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August 1993

Hyperinsulinism as a Marker in Obese Children

Author Affiliations

From the Department of Pediatrics, University of Chieti (Drs Zannolli, Chiarelli, and Morgese), and the Department of Quantitative Methods and Economic Theory, Faculty of Economics, University of Pescara (Mr Rebeggiani), Italy.

Am J Dis Child. 1993;147(8):837-841. doi:10.1001/archpedi.1993.02160320039016

• Objective.  —To determine the relationship between insulin and the metabolic profile and eventual weight loss in obese children.

Design.  —We first attempted to define the metabolic profile for 18 obese children; we then studied weight loss in this group longitudinally.

Setting.  —Department of Pediatrics in a university hospital.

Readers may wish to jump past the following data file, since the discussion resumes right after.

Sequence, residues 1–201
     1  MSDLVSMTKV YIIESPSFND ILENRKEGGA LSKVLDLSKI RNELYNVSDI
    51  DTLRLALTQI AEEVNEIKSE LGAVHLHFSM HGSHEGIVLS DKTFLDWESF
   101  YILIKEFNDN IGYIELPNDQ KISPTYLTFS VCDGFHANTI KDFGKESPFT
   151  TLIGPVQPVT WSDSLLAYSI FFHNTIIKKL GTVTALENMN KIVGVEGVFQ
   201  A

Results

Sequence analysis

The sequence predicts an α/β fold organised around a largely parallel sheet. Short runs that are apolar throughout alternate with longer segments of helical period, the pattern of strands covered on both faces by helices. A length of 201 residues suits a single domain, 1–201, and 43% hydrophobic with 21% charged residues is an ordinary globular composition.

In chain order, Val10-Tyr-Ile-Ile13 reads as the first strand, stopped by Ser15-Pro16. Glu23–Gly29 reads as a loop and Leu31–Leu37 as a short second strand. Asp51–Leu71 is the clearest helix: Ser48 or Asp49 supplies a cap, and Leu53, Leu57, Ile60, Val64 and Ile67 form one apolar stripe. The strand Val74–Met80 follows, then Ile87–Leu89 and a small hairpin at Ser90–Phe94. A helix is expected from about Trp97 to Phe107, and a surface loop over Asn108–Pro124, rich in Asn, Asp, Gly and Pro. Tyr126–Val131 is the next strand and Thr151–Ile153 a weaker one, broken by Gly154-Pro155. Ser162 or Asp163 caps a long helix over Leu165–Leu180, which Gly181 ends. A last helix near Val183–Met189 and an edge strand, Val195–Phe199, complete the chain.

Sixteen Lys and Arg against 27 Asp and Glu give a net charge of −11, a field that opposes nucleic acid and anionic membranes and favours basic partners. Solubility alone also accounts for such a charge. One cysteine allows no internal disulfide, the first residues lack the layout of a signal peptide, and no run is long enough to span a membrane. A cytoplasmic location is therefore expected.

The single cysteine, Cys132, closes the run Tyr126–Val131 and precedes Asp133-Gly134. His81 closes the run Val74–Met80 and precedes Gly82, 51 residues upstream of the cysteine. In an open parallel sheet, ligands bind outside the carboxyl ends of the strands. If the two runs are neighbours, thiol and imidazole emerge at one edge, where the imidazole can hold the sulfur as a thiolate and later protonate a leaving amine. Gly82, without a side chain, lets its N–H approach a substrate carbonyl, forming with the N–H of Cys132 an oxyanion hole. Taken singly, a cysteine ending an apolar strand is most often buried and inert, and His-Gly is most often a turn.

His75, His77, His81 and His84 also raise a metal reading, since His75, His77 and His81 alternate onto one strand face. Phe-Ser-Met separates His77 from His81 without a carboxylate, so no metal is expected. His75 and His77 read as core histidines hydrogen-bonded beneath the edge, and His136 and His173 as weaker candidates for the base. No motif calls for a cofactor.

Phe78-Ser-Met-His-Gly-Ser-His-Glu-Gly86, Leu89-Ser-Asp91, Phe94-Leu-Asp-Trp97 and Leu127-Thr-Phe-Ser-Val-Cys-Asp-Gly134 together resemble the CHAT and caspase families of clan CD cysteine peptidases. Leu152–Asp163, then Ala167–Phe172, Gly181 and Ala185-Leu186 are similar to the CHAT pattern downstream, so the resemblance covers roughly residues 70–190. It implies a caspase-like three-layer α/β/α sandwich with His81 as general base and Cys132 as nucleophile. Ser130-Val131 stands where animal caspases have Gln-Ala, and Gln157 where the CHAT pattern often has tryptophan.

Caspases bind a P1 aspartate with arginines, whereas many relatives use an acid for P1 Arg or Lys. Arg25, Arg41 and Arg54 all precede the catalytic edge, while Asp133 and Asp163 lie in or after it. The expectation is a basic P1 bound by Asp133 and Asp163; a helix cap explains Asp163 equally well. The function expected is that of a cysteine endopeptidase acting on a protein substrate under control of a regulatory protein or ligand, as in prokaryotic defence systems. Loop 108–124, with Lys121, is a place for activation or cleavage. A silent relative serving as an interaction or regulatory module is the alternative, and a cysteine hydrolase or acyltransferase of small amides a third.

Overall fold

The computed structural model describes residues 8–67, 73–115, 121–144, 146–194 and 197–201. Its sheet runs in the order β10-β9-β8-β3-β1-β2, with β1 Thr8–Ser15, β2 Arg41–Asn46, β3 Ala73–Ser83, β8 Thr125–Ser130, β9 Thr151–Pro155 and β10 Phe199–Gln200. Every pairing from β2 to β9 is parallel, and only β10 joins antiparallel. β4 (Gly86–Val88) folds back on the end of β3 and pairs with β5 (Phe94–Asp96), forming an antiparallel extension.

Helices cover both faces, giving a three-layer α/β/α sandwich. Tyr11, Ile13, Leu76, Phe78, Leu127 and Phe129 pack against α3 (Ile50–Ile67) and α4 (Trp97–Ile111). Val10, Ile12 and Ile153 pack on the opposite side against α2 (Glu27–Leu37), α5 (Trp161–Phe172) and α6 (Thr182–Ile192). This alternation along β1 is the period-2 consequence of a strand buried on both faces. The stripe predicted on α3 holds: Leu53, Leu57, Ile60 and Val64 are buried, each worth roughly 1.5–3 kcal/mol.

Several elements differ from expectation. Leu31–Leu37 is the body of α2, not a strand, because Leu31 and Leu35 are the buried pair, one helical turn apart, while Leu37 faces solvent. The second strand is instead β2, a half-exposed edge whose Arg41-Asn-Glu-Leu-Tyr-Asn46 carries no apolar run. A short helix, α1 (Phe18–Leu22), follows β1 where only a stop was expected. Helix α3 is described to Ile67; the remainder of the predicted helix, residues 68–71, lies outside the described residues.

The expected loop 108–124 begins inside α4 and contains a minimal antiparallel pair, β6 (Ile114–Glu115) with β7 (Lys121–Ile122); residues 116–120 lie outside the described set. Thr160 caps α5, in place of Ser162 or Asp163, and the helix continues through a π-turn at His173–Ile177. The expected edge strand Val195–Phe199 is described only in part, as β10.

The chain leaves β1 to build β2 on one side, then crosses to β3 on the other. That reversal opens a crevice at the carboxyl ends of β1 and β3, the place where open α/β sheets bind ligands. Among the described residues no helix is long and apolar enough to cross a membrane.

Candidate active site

Participants.  —Eighteen randomly selected, young, obese male subjects from 5 to 16 years of age.

Interventions.  —(1) Metabolic screening at the outset, including insulinemia and glycemia after the oral glucose tolerance test and plasma levels of total cholesterol, high-density lipoprotein cholesterol, and triglycerides, and (2) weight loss treatment.

Results.  —We divided the sample into "normoinsulinemic" and "hyperinsulinemic" groups, similar for all the variables tested except for weight loss and plasma triglyceride levels. A direct relationship between weight loss results and duration of treatment was found for the entire group. The "hyperinsulinemic" group had a lower percentage reduction in excess weight, and the results in this group were not dependent on the duration of treatment.

Conclusions.  —The effort to keep "normoinsulinemic" obese children in treatment may be useful; it is advisable to study "hyperinsulinemic" children more in depth.(AJDC. 1993;147:837-841)